To read the entire article, please click here

Please also review our Pastoral Thanatology Certification to learn more and see if it matches your academic and professional needs.

 

Pastoral Thanatology Certification Article on Hospice Issues

Good article on when hospice care fall short

Please also review our Pastoral Thanatology Certification
Please also review our Pastoral Thanatology Certification

The article,This Was Not the Good Death We Were Promised, by Karen Brown states

“When my father was dying of pancreatic cancer last summer, I often curled up with him in the adjustable hospital bed set up in his bedroom. As we watched episodes of “The Great British Baking Show,” I’d think about all the things I couldn’t promise him.

I couldn’t promise that the book he’d been working on would ever be published. I couldn’t promise he would get to see his childhood friends from England one more time.”

To read the entire article, please click here

Please also review our Pastoral Thanatology Certification

Pastoral Thanatology Certification Article on Dying at Home

Dying peacefully at home is anyone’s ultimate death wish, but so many end up needlessly in hospitals in a sterile and cold environment.   Sometimes this is necessary but many times it can avoided with better planning.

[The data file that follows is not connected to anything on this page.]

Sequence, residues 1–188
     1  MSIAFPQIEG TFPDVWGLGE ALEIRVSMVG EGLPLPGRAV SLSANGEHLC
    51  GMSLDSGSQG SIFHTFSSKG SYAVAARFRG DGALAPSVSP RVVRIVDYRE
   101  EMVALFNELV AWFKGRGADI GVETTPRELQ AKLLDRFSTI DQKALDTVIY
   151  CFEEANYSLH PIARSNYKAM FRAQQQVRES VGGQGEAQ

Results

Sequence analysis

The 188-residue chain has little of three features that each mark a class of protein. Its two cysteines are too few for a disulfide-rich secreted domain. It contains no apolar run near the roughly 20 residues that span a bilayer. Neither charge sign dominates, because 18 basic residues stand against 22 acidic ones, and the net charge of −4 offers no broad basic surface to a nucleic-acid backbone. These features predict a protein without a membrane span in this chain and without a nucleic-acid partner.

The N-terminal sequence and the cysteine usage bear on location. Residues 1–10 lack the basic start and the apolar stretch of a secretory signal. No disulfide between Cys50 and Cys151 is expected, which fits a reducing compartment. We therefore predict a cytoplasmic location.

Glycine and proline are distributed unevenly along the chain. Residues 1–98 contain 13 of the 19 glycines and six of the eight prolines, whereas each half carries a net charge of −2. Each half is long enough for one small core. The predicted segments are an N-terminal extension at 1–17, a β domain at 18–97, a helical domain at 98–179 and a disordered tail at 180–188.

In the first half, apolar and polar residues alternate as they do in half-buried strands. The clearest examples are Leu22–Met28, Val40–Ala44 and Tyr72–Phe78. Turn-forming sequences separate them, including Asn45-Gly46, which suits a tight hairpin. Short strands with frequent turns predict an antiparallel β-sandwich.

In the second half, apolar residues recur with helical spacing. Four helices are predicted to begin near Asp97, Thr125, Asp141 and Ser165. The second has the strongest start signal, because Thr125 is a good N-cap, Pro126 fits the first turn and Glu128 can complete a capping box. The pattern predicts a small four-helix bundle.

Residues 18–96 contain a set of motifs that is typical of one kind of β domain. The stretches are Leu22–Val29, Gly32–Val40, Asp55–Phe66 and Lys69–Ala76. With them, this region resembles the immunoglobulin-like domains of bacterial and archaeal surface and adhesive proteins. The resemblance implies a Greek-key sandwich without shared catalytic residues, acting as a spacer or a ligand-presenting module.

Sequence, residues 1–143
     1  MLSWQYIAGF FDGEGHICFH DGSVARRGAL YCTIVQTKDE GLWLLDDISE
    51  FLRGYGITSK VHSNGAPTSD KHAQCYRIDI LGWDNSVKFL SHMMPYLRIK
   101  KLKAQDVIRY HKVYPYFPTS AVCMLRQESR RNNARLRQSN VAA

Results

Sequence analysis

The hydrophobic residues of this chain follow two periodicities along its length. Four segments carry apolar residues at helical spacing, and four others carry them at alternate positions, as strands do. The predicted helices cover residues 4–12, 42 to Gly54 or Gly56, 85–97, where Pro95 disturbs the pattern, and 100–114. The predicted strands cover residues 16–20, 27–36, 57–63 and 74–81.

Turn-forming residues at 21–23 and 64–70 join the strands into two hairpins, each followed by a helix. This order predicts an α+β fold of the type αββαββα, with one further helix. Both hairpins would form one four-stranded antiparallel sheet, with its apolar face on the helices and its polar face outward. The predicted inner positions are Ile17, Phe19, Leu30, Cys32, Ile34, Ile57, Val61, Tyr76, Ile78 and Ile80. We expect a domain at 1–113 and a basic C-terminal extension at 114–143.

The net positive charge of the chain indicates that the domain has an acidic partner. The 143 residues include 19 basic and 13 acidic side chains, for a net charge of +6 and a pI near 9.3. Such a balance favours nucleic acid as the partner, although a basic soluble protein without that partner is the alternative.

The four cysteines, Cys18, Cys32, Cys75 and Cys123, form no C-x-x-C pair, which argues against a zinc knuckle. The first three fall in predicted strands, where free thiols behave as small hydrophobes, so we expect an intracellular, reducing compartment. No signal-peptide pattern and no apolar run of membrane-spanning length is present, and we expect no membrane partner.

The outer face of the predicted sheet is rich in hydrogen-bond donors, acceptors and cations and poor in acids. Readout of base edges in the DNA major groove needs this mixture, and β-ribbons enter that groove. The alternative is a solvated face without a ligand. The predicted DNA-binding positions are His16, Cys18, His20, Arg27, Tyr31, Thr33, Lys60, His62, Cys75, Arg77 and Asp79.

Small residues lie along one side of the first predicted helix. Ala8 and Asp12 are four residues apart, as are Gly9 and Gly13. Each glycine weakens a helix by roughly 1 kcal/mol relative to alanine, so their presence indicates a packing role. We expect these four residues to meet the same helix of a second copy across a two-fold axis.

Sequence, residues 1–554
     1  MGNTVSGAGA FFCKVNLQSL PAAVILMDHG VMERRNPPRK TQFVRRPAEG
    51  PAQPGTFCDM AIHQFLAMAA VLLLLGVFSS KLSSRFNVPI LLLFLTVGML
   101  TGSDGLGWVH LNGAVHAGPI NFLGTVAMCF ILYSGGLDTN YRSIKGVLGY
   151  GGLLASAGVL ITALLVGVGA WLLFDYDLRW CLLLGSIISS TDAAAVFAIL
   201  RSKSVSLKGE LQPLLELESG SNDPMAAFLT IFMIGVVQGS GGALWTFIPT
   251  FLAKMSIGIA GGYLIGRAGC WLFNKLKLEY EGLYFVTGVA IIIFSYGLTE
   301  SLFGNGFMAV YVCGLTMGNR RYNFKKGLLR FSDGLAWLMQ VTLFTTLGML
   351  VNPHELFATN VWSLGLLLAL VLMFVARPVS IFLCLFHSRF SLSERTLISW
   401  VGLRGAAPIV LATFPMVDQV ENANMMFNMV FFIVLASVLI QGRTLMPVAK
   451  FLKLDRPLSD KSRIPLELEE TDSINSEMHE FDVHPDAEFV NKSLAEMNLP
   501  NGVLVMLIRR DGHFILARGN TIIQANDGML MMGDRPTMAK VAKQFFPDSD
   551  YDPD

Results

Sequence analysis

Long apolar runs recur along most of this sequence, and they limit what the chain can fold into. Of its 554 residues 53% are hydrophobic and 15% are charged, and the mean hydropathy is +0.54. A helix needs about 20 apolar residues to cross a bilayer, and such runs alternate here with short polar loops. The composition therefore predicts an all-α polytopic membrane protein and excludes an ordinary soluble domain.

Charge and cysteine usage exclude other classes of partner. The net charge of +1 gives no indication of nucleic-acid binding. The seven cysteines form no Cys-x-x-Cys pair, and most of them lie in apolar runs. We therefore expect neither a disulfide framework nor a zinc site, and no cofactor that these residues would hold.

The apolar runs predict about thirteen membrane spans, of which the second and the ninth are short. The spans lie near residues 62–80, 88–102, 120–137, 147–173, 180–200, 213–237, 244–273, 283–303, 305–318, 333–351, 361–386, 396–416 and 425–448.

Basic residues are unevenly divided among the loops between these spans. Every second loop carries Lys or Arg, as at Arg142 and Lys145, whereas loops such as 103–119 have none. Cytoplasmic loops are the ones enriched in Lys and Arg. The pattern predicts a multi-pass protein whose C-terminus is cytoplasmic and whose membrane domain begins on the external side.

Many elderly never get to die at home. Please also review our Pastoral Thanatology Certification
Many elderly never get to die at home. Please also review our Pastoral Thanatology Certification

The article, Most people want to die at home, but many land in hospitals getting unwanted care, by Andrew MacPherson and Ravi B. Parikh, states

“Where do you want to die? When asked, the vast majority of Americans answer with two words: “At home.”

Despite living in a country that delivers some of the best health care in the world, we often settle for end-of-life care that is inconsistent with our wishes and administered in settings that are unfamiliar, even dangerous.”

To read the entire article, please click here

Please also review our Pastoral Thanatology Certification

Pastoral Thanatology Certification Article on Regrets of the Dying

The dying can have many regrets.  Believe it or not one is actually not talking about or preparing for dying itself

What are some regrets of the dying? Please also review our Pastoral Thanatology Certification
What are some regrets of the dying? Please also review our Pastoral Thanatology Certification

The article, These are the most common regrets of the dying, by Natalie Healey states,